Two variations are available: In the more-traditional "cable-pulling" type, an electric motor simply pulls the emergency brake cable on the push or pull of a button rather than a mechanical handle in the cabin. A more complex unit [4] (first seen on the 2003 Audi A8) uses a computer-controlled motor attached to each of the two rear brake calipers referred to as the Motor on Caliper(MoC) system.

It is expected that these systems will incorporate other features in the future. Jaguar, Landrover, BMW, Renault, Subaru and VW already have a system where the emergency brake engages when the engine is stopped and is released when the gas pedal is pressed. An extension of this system, called the hill-hold function, prevents roll-back when stopping and starting on a hill. The OEM can easily turn off the system.


It is important to know which wheels are providing the braking action when lifting the car with a jack. Typically the rear wheels are the ones that are stopped with parking brakes. Most Citroens, the Alfasud, Saab 99s, Pre-Facelift 900's, and most early Subarus applied the handbrake force to the front wheels, which makes them notable exceptions. If one lifts the braking wheels off the ground then the car can move and fall off the jack. This is why makers recommend that jacking be conducted on level ground and with chocks immobilizing the wheels that remain on the ground.

Railroad hand brakes

Further information: Emergency brake (train)

Virtually all railroad rolling stock is equipped with manually operated mechanical hand brake devices that set and release the brakes. Most of these involve a chain linked to the brake rigging, most often at the brake cylinder, that when tightened pull the piston out against the releasing springs, thus applying the brakes on the car (if there is only one brake cylinder per car) or bogie (if there is more than once cylinder per car). Newer locomotives have electric systems that simply place an electric motor in place of the chain winding mechanism. This brake acts independent of the action of the automatic air brakes, which function collectively when coupled in a train and are under the control of the locomotive engineer.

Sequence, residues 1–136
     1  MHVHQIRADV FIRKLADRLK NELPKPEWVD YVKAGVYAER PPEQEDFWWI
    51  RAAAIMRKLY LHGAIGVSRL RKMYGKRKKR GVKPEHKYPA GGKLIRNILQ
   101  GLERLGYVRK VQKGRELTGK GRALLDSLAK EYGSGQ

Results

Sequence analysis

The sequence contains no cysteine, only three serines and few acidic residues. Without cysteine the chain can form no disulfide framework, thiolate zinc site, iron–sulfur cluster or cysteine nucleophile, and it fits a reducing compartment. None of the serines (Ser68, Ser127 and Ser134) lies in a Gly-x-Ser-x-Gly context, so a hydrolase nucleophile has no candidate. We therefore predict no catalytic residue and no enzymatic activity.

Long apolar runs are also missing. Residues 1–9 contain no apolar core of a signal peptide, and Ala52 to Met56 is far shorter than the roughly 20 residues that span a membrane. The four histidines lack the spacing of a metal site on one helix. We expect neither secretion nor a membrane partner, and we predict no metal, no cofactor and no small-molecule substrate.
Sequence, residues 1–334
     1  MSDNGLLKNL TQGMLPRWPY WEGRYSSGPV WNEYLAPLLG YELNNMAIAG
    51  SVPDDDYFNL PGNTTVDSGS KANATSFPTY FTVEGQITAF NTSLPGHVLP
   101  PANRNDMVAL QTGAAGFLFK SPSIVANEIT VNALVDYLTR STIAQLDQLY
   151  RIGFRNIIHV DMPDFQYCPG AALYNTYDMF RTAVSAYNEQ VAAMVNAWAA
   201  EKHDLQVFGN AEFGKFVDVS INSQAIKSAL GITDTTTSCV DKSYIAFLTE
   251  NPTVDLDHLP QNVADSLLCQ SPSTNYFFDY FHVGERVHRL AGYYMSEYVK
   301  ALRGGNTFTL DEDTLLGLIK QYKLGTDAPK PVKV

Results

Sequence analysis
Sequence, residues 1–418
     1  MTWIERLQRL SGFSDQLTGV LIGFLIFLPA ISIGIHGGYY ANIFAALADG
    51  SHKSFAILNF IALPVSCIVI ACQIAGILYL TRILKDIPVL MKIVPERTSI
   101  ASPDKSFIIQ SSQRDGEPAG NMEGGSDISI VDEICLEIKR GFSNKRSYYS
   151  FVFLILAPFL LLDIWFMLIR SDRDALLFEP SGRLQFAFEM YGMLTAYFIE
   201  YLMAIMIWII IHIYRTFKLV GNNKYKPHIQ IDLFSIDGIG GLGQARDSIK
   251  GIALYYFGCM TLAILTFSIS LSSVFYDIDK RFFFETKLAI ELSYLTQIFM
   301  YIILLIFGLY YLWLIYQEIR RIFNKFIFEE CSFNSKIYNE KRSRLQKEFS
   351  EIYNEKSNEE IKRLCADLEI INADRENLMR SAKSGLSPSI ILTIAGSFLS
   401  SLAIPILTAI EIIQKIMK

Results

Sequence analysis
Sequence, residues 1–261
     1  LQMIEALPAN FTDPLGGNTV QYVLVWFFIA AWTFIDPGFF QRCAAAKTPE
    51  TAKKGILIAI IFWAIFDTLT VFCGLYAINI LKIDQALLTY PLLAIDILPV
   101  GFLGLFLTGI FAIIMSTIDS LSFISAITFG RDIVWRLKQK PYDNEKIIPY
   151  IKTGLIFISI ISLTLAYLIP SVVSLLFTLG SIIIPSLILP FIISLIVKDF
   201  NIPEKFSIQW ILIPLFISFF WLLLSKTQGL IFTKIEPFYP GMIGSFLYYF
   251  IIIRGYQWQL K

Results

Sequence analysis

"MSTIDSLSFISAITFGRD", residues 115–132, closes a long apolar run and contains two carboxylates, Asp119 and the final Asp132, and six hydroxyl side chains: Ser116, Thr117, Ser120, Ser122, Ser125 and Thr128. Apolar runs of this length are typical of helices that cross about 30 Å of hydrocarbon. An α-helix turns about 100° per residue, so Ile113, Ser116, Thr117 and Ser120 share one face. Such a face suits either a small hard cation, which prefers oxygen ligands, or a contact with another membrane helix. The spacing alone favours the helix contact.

Manual hand brakes serve to keep a piece of rolling stock stationary after it has been spotted in a rail yard or at a customer for unloading or loading. They are also used to secure a parked train from inadvertent movement, especially while unmanned.

Before the development of locomotive-actuated train braking systems in the late 19th century, designated railroad employees known as brakemen would move about the tops of cars, setting hand brakes in an effort to stop the train in a timely manner. This process was imprecise and extremely dangerous. Many brakemen lost life and limb as a result of falling from a moving train, icy and wet conditions often adding to the hazards involved in negotiating the top of a swaying boxcar.[5] In the U.S., an 1893 federal law, the Railroad Safety Appliance Act, required automatic brakes on all railroads, effective in 1900.[6]

See also


  3. "Hudson Motor Car Company - Hudson Car Club - Hudson, Essex, Terraplane Cars". 2009-03-09. Retrieved 2011-04-24.
  5. McDonald, Charles (1993). The Federal Railroad Safety Program (PDF). Washington, DC: U.S. Federal Railroad Administration. pp. 2–5. Archived from the original (PDF) on 2009-07-31.
  6. United States. Act of Mar. 2, 1893, 27 Stat. 531, recodified, as amended, 49 U.S.C. § 20302.

External links